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Quinoa - A Super Food

Quinoa workshop in PakistanQuinoa is a new crop with grains of superior nutritional profile as compared to common cereals. Its grain has higher protein and K, Ca, Mg, Mn than other cereals like wheat, rice and maize. Due to its nutritional importance for future food security, FAO declared 2013 as "The International Year of the Quinoa”.

This is also the reason why on the past 30th of August, the Department of Crop Physiology of the University of Agriculture of Faisalabad organised a stakeholder workshop on "Production and Marketing prospects or Quinoa in Pakistan". This event was also attended by YPARD Pakistan as we consider very relevant to raise the awareness among the youth on the relevance of quinoa harvesting for health as well as for economic reasons. 

This harvest seed has heart-healthy fats like monounsaturated fat (oleic acid) and small amounts of the omega-3 fatty acid. It also acts as a natural appetite suppressant because it is effective in controlling appetite and helps to consume less food throughout the day. Therefore it is recommended for dieters due to its high protein and low calorie nutritional profile. Moreover, it is a gluten free diet.

Quinoa is a facultative halophytic crop plant tolerant to adverse conditions like salinity, drought, frost and diseases and insect pest. Besides, it is a rabi crop of same growing season as wheat in Pakistan, and its origin comes from harsh climatic and poor soils´ areas in South America. This nutritive crop can be grown on problem soils with less inputs, as it requires less crop care and produces grain of very high quality with international demand.

Why is Quinoa important?

  • Na free (ideal for BP, hypertension)
  • Gluten free (Celiac Disease, IBS)
  • High protein quality (Contain all essential amino acids)
  • High protein content (12-20% mass)
  • High vitamin content (A, B2, E)
  • High mineral content (Ca, Mg, Fe, Zn)
  • Health supportive Fats (Oleic acid)

Climate resilient

  • Salt tolerant: Tolerate sea level salinity (40 dS m-1)
  • Drought tolerant: Can grow on 25 % field capacity
  • Frost tolerant: tolerate -4 °C temperature

High price grain

  • 25-35 $/kg price in international market
  • Rs. 3000-3600/kg imported and Rs. 1000/kg local
  • 3000-8000 US$/Ton for bulk
  • Cost of production: less than Rs. 50/kg

Yield potential: = 80 monds/acre

Pakistan= 28-32 monds/acre

Major uses

Cooked as rice (palao, biryani, kheer, halwa) and porridge, its flour can be mixed with wheat flour originating tasty salads that are very popular worldwide.

Quinoa Production Technology

Climate and Soils requirements

Quinoa can be grown on variety of soils i.e sandy loam, loam, clay loam and also on salt affected soils. Particularly in India, quinoa response is very good on organic matter rich soils like the hilly agro ecological areas of south and central Punjab. 

Sowing time:

The optimum sowing time is November.

Soil Preparation:

2-3 Ploughing followed by planking. Well prepared soil is preferred.

Sowing method and geometry:

Quinoa shows equal response to ridge, bed or flat sowing by chopa method. However on salt affected soils ridge and bed sowings is preferred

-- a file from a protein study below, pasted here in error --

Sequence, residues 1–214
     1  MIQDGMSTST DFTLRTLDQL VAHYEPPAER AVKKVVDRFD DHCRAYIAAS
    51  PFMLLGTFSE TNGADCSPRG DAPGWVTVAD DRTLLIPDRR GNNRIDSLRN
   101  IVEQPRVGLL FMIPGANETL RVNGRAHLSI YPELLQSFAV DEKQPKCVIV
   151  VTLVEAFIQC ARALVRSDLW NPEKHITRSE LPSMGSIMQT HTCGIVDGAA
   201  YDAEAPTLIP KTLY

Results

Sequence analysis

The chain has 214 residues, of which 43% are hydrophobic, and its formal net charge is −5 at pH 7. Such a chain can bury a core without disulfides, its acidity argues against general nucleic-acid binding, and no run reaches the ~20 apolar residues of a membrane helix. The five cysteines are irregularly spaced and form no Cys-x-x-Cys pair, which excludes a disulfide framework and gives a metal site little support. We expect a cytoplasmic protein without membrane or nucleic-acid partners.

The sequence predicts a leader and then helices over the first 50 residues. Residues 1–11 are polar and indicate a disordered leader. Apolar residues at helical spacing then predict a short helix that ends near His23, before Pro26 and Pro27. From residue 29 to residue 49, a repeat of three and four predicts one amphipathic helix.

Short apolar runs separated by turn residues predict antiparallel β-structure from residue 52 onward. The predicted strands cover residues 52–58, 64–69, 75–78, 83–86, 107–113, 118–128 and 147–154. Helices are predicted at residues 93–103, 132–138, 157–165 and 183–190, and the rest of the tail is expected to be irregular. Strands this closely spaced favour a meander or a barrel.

Ridge sowing: 1.5 ft. apart ridges with plant to plant distance of 6 inches

Bed sowing: 2.5 ft. apart with 6 inches plant to plant distance on both sides of bed.

Flat sowing:  9 inches apart with 6 inches plant to plant distance

Sowing Density:

Optimum seed rate for quinoa is 2-3 kg/acre. Thinning should be done to maintain one plant/hill after 20 days of emergence. If plant population is dense then plants will be weak, on other hand if plants are too far then their maturity will be late, less plant population and increase in non-productive panicles.

Fertilizer:

Quinoa shows positive response by using nitrogenous and phosphorous fertilizers. The optimum rate is 75 kg N and 60 kg P ha-1 for loamy soils. Full dose of phosphorous and half dose of nitrogen should be applied at sowing while remaining half dose of nitrogen should be supplemented at milky stage.

Plant protection:

Weed infestation could cause severe damage during crop establishment stage up to bud formation. Hand Weeding is recommended as no selective herbicide is available for quinoa. No severe insect pest and disease infestation has been reported under local conditions.

Water Management:

Quinoa is drought tolerant crop. Except Rauni irrigation 2-3 irrigations are applied at critical stages i.e bud formation and flowering stage.

Harvesting:

This crop matures during the first week of April, when it changes its color, and it´s harvested during the dough stage (when the grain cannot be pressed by nail).

Quinoa changes its colour from green to brown, orange or red depending upon the variety. If needed, the harvested crop is tied in bundle and sundried for few days before its threshing.

Threshing:

This is usually done manually by beating the panicles with stick or by using a wheat thresher.   

Drying, Cleaning and Storage:

After the threshing, the seeds may be sun dried if needed and winnowed to remove broken seeds and plant material if any and packed in plastic or jute bags under dry ventilated conditions.

Picture credit: Production and Marketing prospects or Quinoa in Pakistan, by Shahzad Basra.